For quite some time I've felt the need to have more control of what is going on with my film scans. I've used several labs over the years for processing and scanning, and whilst none of them have done a bad job, I've never been 100% sure if it could be better or not. It seems to be adding a variable into the process which I have no control over - is the exposure wrong because of me or is the scanner not set up properly? The same goes for the focus - is the lab's scanner out? Or am I just not getting things right when shooting?
So, I needed my own scanner. By doing it myself, I can not only be more sure of any variables, but I can also tweak each shot if I want. Because I know what I was shooting and what the scene looked like.
I'm a bit tight on space at home, which meant a flatbed scanner was out; which was a shame as a flatbed would do various formats. So I went for a Plustek Opticfilm 8100 35mm scanner.
I'd heard that there was quite a steep learning curve to the Silverfast software which comes with it. The first few scans I wasn't particularly pleased with at all - it was all looking a bit grungey. After looking at some tutorials, I then found what some of the tools were doing in the software and was on top of it pretty quickly.
It has multi exposure on it, which means I can do two scan passes. I'm scanning fairly flat without bumping up any contrast. So the resulting TIFF files are a bit washed out. However, when putting them through Lightroom then they really come to life. I've started saving presets for each one to speed up the post process.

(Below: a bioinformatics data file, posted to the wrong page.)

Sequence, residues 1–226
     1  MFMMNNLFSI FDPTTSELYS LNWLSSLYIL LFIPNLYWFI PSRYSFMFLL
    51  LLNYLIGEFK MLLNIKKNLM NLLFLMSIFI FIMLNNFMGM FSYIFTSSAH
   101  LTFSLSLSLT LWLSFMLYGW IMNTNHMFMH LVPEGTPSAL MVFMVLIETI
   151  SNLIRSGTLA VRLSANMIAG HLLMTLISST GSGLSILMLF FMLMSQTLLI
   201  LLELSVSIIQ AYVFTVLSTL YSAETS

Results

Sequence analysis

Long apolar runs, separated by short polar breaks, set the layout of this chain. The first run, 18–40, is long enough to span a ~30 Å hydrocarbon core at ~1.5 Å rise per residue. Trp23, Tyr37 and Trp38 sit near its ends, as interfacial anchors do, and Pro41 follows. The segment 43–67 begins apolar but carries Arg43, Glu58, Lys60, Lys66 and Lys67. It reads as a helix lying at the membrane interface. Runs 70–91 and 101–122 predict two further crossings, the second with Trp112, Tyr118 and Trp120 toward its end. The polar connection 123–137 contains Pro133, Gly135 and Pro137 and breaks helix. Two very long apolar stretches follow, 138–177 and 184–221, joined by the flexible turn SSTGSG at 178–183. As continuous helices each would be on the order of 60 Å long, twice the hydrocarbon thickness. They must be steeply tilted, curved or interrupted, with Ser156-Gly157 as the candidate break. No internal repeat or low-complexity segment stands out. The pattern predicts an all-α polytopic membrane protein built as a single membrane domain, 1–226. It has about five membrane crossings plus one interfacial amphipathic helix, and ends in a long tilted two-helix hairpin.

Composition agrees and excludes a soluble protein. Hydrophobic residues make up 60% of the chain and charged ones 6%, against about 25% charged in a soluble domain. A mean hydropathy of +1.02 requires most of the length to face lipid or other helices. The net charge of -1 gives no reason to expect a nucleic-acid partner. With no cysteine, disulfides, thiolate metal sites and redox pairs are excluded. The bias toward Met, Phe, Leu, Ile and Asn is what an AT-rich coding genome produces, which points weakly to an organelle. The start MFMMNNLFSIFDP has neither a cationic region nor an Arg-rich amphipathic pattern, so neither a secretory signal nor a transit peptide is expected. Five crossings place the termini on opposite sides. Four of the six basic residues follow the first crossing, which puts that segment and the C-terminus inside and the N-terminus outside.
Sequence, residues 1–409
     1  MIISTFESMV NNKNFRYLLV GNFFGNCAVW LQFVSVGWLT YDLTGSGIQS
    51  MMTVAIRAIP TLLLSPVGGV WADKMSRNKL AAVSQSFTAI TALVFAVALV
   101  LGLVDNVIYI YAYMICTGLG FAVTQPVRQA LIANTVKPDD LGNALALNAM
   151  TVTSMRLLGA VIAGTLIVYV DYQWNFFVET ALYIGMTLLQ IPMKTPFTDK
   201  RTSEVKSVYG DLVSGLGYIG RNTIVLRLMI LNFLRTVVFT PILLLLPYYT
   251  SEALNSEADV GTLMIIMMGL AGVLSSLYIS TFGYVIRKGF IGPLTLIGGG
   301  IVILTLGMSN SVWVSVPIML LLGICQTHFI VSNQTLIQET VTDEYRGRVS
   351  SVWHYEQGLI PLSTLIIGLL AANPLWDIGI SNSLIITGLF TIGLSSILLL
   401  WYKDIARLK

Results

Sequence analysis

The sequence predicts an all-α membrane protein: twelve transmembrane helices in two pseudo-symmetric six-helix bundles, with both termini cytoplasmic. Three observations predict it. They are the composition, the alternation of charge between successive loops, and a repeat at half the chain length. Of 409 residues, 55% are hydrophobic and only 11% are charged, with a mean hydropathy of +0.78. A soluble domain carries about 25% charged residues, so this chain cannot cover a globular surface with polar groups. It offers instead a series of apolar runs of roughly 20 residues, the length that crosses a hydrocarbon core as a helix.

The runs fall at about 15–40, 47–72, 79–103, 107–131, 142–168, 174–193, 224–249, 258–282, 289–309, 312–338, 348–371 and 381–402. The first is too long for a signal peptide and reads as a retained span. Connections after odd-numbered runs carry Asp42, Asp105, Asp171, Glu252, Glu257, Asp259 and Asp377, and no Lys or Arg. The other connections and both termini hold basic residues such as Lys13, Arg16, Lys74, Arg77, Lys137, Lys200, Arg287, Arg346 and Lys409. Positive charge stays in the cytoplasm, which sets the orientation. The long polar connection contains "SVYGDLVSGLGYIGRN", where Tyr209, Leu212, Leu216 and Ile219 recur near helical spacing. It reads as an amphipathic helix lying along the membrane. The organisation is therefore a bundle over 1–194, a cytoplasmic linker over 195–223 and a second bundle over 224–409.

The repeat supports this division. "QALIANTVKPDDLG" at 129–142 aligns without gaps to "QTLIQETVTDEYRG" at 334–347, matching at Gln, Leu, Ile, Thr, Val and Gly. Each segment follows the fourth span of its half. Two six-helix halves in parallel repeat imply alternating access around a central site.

The first scans I made where from a short break in Cornwall. I was trying out some Kodak ProImage 100, a film that is not readily available but is apparently being marketed more in Europe now. Which is a good thing, because I rather like it! It's very much like Kodak Portra - natural colours, nice saturation and renders skin tones nicely. It also has quite a bit of flexibility - I could push certain colours a bit if I wished. The film was apparently first released in 1997 and not been updated since; mixing that with my OM10 and old Zuiko glass gives it a feel of my youth in the 80s/90s.
The next film which I'd not used before was Fomapan 400. I'd used Foma 100 and 200 before (see earlier journal entries) and liked the results - particularly the 200. So I thought I'd give the 400 a shot. I'd read that it wasn't quite as good and I think I'd have to agree. Tonally I found it quite flat and stubbornly didn't want to be pushed anywhere. Too much exposure made it break up quickly, too much shadow just crushed the blacks. I like a bit of grain with my black and white film, but the grain I found a bit crude. Unlike Foma 200, I don't think it will be high on my shopping list in the future....
Next up was Ilford's Pan 400. And this was completely different - nice tight grain, a wide range of greys in the tone allowing me to play with it to my heart's content, and a gorgeous look which has an almost 1960s documentary look to it. I've got another roll in my camera at the moment and already excited to see how it turns out - really love this one!
One thing that I didn't expect from using my own scanner was seeing the difference straight away between different emulsions. I could see a massive difference between Foma 400 and Pan 400 just by seeing the initial scans before I even put them into Lightroom. Even the physicality of the film is different - the Foma more prone to being damaged than the Ilford.
I have to say, the Plustek scanner is great. I've got scans from it that are just as good as I've been getting from pro labs. And I'll be tweaking the settings more to see what else I can get out of it.
And Kodak ProImage and Ilford Pan 400: big thumbs up! Now, I wonder what Pan 100 is like...!?
All shot on my Olympus OM10.
Kodak ProImage 100 rated at 80asa.
Fomapan 400 rated at 200asa.
Ilford Pan 400 rated at 200asa.